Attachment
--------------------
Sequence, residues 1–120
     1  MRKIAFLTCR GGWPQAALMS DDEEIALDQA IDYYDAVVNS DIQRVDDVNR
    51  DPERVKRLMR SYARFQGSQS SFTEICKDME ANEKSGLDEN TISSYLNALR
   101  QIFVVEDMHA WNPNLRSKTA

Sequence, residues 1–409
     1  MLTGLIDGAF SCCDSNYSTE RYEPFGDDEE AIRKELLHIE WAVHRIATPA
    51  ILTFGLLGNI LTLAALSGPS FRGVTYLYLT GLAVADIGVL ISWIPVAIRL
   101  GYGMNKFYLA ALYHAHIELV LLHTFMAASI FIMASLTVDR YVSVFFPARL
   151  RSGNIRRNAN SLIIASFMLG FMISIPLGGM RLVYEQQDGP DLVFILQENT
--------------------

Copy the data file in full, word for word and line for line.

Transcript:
Sequence, residues 1–120
     1  MRKIAFLTCR GGWPQAALMS DDEEIALDQA IDYYDAVVNS DIQRVDDVNR
    51  DPERVKRLMR SYARFQGSQS SFTEICKDME ANEKSGLDEN TISSYLNALR
   101  QIFVVEDMHA WNPNLRSKTA

Sequence, residues 1–409
     1  MLTGLIDGAF SCCDSNYSTE RYEPFGDDEE AIRKELLHIE WAVHRIATPA
    51  ILTFGLLGNI LTLAALSGPS FRGVTYLYLT GLAVADIGVL ISWIPVAIRL
   101  GYGMNKFYLA ALYHAHIELV LLHTFMAASI FIMASLTVDR YVSVFFPARL
   151  RSGNIRRNAN SLIIASFMLG FMISIPLGGM RLVYEQQDGP DLVFILQENT